Stainless imaging developed by adding infrared to standard microscopes
A new method to image cancerous tissues has been created by researchers who have paired infrared measurements with high-resolution optical images.
This side-by-side comparison of a breast tissue biopsy demonstrates some of the infrared-optical hybrid microscope’s capabilities. On the left, a tissue sample dyed by traditional methods. Centre, a computed stain created from infrared-optical hybrid imaging. Right, tissue types identified with infrared data. The pink in this image signifies malignant cancer (credit: Rohit Bhargava).
By adding infrared capability to the ubiquitous, standard optical microscope, researchers hope to improve cancer imaging for research and diagnosis. The team, from the University of Illinois at Urbana-Champaign, US, say they developed their stainless method to improve digital biopsies.
Pairing infrared measurements with high-resolution optical images and machine learning algorithms, the researchers created an imaging technique that closely correlates with traditional pathology processes and, according to the team, has outperformed state-of-the-art infrared microscopes.
“The advantage is that no stains are required and both the organisation of cells and their chemistry can be measured. Measuring the chemistry of tumour cells and their microenvironment can lead to better cancer diagnoses and better understanding of the disease,” said lead researcher Rohit Bhargava, a professor of bioengineering and the director of the Cancer Center at Illinois.
The scientists explain that when using a labelled technology, it can be difficult to distinguish cancer from healthy tissue or to pinpoint the boundaries of a tumour.
“For more than a century, we have relied on adding dyes to human tissue biopsies to diagnose tumours. However, the shape and colour induced by the dye provide very limited information about the underlying molecular changes that drive cancer,” Bhargava said.
Technologies like infrared microscopy can measure the molecular composition of tissue, providing quantitative measures that can distinguish cell types. Unfortunately, infrared microscopes are expensive and the samples require special preparation and handling, making them impractical for the vast majority of clinical and research settings.
Bhargava’s group developed its hybrid microscope by adding an infrared laser and a specialised microscope lens, called an interference objective, to an optical camera. The infrared-optical hybrid measures both infrared data and a high-resolution optical image with a light microscope – the kind ubiquitous in clinics and labs.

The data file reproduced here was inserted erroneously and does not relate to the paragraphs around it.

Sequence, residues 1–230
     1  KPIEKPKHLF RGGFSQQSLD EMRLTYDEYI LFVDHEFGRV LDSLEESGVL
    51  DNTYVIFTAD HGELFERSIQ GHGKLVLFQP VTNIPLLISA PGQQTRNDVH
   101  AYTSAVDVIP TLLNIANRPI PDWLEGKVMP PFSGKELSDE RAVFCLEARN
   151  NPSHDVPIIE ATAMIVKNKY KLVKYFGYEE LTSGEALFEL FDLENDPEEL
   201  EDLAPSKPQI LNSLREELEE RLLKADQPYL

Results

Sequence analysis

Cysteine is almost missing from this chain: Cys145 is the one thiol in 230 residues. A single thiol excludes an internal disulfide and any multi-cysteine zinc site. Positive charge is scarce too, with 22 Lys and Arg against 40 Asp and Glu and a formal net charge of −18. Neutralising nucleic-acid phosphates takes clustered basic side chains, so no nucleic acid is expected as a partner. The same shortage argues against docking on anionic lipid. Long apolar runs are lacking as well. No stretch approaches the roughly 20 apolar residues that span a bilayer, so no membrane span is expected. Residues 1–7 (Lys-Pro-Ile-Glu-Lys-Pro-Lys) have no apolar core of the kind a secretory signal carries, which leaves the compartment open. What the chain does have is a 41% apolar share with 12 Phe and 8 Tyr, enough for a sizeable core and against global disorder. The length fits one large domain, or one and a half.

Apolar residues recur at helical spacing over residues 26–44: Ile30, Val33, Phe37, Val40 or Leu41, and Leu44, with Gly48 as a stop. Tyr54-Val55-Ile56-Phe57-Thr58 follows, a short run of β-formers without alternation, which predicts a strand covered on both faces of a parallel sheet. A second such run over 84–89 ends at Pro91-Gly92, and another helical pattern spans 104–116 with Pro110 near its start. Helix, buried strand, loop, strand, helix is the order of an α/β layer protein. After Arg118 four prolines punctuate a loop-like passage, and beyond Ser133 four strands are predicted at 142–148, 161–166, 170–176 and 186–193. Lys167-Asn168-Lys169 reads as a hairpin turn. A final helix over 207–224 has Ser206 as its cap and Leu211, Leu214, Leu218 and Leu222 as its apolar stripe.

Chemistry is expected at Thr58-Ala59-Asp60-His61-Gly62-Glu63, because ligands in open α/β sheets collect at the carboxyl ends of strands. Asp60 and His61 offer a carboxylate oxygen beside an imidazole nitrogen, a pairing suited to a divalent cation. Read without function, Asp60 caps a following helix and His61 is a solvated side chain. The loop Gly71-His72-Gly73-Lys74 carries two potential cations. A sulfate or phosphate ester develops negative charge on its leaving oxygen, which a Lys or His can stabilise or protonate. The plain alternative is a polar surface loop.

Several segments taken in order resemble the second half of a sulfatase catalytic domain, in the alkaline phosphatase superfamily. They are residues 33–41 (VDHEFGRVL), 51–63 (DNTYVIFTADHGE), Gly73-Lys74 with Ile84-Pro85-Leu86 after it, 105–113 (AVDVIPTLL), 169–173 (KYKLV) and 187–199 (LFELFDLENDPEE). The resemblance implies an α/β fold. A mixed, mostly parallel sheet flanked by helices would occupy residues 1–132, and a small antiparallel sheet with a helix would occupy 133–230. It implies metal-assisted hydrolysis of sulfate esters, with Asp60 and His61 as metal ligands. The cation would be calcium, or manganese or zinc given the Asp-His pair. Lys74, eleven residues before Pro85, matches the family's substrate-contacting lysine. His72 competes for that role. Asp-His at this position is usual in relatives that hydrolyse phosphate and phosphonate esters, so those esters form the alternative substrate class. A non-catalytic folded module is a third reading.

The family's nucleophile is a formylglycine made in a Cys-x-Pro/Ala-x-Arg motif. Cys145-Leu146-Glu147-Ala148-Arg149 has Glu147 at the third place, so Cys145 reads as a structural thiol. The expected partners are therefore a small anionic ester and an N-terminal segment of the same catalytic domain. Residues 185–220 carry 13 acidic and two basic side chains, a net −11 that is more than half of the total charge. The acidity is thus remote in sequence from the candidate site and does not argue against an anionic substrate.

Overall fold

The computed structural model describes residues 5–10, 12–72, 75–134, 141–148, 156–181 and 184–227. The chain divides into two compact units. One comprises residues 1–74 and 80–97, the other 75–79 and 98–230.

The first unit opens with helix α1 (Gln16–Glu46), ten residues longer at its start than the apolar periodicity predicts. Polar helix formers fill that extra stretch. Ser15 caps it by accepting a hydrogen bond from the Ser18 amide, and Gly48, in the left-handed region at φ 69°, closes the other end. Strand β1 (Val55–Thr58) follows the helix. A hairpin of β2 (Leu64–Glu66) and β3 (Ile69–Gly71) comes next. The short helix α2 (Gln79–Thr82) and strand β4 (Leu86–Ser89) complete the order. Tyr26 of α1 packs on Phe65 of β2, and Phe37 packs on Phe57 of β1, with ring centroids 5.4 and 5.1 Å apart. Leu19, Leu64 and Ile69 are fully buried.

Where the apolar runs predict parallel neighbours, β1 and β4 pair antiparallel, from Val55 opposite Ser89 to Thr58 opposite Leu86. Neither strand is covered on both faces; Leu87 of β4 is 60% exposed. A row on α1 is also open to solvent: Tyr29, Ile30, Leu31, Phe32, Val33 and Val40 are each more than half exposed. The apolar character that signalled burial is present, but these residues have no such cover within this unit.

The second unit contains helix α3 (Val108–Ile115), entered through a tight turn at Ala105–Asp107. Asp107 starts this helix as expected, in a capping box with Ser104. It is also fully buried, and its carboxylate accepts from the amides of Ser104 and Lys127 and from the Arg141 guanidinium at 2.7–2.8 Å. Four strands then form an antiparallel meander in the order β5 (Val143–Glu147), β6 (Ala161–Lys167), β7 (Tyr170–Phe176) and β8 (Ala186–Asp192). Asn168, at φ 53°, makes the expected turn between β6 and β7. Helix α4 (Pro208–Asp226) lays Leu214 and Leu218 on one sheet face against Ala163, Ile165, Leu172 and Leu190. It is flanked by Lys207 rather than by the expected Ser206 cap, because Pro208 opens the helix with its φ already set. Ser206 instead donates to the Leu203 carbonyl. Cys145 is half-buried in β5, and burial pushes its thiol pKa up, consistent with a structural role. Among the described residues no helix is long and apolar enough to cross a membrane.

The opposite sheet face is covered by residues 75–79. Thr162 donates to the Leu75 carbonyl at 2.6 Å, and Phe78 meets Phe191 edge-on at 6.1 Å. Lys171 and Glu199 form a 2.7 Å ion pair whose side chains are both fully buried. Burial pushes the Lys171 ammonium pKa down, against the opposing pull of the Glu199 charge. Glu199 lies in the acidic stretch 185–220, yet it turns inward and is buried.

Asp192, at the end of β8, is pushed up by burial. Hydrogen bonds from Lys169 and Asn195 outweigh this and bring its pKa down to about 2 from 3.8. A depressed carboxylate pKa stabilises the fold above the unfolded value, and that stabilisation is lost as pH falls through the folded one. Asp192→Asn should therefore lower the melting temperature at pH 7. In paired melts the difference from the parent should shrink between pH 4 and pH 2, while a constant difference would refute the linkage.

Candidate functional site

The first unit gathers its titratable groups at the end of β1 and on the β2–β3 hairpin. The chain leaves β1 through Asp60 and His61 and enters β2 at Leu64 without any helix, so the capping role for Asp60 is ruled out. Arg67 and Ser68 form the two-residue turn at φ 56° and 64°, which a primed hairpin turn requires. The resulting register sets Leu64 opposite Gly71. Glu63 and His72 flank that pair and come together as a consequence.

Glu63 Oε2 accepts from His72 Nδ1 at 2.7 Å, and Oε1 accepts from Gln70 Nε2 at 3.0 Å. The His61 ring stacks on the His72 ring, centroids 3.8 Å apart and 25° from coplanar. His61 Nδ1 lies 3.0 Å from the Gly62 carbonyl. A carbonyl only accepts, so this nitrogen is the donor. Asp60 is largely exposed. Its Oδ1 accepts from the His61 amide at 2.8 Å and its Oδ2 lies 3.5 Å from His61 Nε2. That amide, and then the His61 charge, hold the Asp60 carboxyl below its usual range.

“We built the hybrid microscope from off-the-shelf components. This is important because it allows others to easily build their own microscope or upgrade an existing microscope,” said Martin Schnell, a postdoctoral fellow in Bhargava’s group and first author of the paper.
Combining the two techniques harnesses the strengths of both, the researchers said. It has the high resolution, large field-of-view and accessibility of an optical microscope. Furthermore, infrared data can be analysed computationally, without adding any dyes or stains that can damage tissues. Software can then recreate different stains or even overlap them to create a more complete, all-digital picture of the tissue.
“Infrared-optical hybrid microscopy is widely compatible with conventional microscopy in biomedical applications,” Schnell said. “We combine the ease of use and universal availability of optical microscopy with the wide palette of infrared molecular contrast and machine learning. And by doing so, we hope to change how we routinely handle, image and understand microscopic tissue structure.”
The researchers plan to continue refining the computational tools used to analyse the hybrid images. They are working to optimise machine-learning programmes that can measure multiple infrared wavelengths, creating label-free images that readily distinguish between multiple cell types and integrate data with the detailed optical images to precisely map cancer within a sample. They also plan to explore further applications for hybrid microscope imaging, such as forensics, polymer science and other biomedical applications.
The group published its results in the Proceedings of the National Academy of Sciences.